Q: Like a lot of PR firms, we've had many layoffs across all our practice areas.We are trying to keep things going with a staff about one-third the size it used to be. My workload has gradually doubled as odds and ends that former employees used to do are passed on to me. What is worse, no one really considers how we should tackle the extra work. The managers are simply giving it out when they realize a deadline is looming. So, all of the sudden, I will be handed a project that had to be done two days ago because nobody realized it needed to be completed until it was nearly too late. Needless to say, the quality of our work has suffered somewhat. I am really getting burned out. I want to quit, but I know this is a terrible job market, and I'm inclined to think I should stick with it. But I don't know how long I can last at this pace. What's my next move?
Mr. F, Los Angeles
A: Things are tough all over. Much has been written about the fate of the worker who is laid off, while the poor soul picking up the slack in the office is ignored. But it does not sound to me like you are merely unhappy with the agency, but you're having difficulty dealing with the pressure. It would be a real shame for you to walk away from a job that was presumably once rewarding just because the management has not handled this situation very well.
My advice is for you to go to your immediate superior with some specific ideas for improving the allocation of these projects. Chances are no one has been able to take time to consider a good strategy to handle the workload. Emphasize the fact that you are interested in maintaining quality standards for your clients. As keeping what business you have is every agency's top priority right now, that's an argument that is bound to resonate with bosses.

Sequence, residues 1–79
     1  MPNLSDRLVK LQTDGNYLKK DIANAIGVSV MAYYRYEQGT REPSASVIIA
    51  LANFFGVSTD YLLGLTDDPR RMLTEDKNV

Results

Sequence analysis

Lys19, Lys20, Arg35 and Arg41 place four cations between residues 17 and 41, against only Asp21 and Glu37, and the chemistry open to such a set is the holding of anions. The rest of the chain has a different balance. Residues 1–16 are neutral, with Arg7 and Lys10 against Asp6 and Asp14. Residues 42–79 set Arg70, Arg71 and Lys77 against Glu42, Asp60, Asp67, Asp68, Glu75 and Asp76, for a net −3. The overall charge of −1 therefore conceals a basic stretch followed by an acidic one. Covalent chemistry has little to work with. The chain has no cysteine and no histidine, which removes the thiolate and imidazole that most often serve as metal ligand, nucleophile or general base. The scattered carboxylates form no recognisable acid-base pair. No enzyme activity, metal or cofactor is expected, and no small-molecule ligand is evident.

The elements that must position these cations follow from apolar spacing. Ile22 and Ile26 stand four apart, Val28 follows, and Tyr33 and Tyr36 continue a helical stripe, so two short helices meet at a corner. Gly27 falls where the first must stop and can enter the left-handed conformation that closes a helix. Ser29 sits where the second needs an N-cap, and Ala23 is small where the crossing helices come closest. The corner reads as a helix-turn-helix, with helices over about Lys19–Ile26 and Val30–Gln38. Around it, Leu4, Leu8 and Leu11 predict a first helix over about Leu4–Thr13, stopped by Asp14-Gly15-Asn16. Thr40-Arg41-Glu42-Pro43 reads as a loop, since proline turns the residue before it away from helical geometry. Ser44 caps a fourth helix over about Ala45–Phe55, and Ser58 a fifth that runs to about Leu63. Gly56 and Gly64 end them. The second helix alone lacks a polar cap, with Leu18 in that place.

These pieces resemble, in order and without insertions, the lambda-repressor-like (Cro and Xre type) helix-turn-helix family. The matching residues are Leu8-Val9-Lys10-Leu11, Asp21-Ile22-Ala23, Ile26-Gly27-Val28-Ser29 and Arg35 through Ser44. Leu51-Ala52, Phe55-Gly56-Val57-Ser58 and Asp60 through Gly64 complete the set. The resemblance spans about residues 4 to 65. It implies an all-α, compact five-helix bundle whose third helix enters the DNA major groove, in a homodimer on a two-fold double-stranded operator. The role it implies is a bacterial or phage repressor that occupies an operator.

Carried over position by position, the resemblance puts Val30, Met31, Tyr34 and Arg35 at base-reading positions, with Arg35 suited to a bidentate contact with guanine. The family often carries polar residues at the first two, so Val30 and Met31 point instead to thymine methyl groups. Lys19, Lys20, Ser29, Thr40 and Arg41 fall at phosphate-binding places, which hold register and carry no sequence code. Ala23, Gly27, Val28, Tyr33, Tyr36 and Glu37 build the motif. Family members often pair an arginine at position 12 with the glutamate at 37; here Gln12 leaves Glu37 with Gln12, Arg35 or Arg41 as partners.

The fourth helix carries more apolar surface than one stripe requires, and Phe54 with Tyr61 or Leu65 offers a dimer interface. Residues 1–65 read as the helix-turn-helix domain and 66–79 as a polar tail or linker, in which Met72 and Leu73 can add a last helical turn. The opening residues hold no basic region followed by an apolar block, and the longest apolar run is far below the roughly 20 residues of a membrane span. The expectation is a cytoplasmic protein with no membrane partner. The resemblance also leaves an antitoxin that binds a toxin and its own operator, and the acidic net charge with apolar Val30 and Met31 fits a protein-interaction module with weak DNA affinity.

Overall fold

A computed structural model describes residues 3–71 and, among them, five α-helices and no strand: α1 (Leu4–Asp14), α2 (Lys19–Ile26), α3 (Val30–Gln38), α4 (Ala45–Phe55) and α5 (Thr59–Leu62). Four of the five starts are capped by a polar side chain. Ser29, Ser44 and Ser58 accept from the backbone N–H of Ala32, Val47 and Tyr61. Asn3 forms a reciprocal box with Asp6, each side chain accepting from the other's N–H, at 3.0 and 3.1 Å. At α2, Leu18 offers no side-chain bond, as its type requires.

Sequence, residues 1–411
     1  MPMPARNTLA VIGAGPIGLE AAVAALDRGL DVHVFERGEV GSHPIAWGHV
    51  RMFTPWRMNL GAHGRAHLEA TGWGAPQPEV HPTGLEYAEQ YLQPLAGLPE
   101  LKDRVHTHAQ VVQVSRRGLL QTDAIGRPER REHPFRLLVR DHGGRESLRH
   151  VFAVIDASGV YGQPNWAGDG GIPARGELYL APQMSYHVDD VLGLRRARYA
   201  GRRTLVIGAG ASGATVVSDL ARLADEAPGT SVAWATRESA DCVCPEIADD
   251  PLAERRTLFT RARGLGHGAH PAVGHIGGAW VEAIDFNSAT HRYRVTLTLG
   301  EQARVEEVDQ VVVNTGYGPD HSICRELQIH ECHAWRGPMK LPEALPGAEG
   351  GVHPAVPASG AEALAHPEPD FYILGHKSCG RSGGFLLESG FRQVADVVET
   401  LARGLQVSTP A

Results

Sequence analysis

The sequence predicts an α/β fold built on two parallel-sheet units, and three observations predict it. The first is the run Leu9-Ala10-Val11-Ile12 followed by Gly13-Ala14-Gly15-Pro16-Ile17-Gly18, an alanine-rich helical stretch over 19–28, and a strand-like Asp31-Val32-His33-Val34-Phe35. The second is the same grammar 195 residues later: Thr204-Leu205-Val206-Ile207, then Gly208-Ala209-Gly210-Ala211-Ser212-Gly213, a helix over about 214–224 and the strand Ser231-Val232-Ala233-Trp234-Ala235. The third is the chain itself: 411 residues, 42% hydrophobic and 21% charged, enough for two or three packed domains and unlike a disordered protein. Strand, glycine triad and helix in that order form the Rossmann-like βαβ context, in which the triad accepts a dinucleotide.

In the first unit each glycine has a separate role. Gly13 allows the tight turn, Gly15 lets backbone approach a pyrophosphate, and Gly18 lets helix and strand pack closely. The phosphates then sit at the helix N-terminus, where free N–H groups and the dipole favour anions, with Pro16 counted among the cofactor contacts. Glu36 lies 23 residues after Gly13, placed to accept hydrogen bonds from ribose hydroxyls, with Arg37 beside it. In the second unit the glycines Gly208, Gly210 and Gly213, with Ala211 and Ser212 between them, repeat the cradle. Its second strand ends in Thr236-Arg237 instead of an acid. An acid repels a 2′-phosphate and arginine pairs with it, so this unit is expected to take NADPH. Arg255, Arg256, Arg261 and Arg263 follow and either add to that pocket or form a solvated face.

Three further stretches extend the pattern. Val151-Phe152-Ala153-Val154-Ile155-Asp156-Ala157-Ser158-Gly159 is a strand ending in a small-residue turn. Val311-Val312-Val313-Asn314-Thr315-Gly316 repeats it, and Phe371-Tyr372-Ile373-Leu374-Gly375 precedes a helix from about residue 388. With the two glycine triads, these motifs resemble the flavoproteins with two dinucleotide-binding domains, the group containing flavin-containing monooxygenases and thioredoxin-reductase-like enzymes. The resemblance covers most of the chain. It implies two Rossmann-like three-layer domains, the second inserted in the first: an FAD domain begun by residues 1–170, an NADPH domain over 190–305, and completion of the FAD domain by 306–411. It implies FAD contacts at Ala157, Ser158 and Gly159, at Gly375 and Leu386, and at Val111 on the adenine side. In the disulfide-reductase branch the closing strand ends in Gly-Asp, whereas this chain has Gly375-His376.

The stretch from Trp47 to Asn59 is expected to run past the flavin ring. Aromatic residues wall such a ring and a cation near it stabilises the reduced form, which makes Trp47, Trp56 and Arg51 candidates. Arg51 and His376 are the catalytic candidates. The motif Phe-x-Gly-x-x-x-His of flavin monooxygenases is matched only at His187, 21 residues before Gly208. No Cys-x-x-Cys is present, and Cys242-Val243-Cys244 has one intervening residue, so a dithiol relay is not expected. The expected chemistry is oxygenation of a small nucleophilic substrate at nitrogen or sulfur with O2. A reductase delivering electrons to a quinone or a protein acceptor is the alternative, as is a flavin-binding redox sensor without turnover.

Q: Last night I went to a very elegant industry function, attended by a lot of really important people in the PR industry. I was really anxious to make a good impression and network with some people that I would normally never get to meet. I ran into trouble, though, when I started drinking before dinner. I was extremely nervous about going up to strangers and introducing myself, so I had a glass of wine to relax myself.
It worked for a while. I found it much easier to mingle. But I did not stop with one glass, and pretty soon I was drunk. I don't remember everything I said or did, but I distinctly remember spilling a glass of red wine on someone's tuxedo shirt, and telling the head of a mid-size agency that I thought there were a lot of morons in the PR industry. There were a couple of other incidents that I am too humiliated to note specifically.
Today I am totally embarrassed and can hardly face going to work. Should I call people and apologize for my behavior, or just hope they forget about it.?
Ms. D, New York
A: Based on the largely impersonal nature of your booze-soaked mayhem, there is really no point in contacting people and forcing them to relive the evening. You are probably young and low-profile enough to get away with it this time. But you should never let alcohol interfere in your next important industry function. Stick to soft drinks before dinner, and keep a two-glass minimum after that. You are not attending these events to get drunk, but to advance your career.
Do you have a problem that no one else has been able to solve? Try Pandora. E-mail her at firstname.lastname@example.org.